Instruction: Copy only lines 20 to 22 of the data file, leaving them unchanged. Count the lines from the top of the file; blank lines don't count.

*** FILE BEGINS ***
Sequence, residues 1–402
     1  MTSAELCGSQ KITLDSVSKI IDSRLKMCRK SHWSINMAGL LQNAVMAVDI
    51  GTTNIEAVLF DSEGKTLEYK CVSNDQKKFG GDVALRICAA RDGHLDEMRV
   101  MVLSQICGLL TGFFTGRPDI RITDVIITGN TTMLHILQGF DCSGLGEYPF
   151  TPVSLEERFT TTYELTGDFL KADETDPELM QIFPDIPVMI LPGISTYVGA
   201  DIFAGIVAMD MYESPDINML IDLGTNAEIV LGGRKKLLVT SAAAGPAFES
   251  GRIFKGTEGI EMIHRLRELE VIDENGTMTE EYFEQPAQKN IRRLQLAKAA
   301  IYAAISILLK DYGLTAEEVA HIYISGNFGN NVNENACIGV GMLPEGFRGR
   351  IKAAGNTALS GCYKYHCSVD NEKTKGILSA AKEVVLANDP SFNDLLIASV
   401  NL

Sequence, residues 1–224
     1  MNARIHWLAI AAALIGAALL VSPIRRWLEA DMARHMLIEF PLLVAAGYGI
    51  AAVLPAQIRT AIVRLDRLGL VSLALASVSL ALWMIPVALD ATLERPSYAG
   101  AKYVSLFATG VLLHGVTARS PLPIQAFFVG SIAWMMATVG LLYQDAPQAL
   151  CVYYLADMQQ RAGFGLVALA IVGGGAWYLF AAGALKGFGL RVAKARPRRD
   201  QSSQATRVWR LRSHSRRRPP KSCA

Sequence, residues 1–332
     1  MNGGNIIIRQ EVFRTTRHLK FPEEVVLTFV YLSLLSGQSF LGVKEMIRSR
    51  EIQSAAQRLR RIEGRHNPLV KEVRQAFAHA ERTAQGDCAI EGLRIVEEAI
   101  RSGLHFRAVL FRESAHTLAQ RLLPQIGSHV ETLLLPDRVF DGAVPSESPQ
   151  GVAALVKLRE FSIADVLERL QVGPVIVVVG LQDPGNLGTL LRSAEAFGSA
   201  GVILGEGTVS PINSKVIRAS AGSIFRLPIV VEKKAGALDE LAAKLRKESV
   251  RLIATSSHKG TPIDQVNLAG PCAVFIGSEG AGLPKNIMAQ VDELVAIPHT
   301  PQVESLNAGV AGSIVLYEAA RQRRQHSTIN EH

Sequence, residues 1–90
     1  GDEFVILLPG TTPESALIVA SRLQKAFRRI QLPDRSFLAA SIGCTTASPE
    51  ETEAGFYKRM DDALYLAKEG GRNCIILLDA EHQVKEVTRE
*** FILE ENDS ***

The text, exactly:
   101  RSGLHFRAVL FRESAHTLAQ RLLPQIGSHV ETLLLPDRVF DGAVPSESPQ
   151  GVAALVKLRE FSIADVLERL QVGPVIVVVG LQDPGNLGTL LRSAEAFGSA
   201  GVILGEGTVS PINSKVIRAS AGSIFRLPIV VEKKAGALDE LAAKLRKESV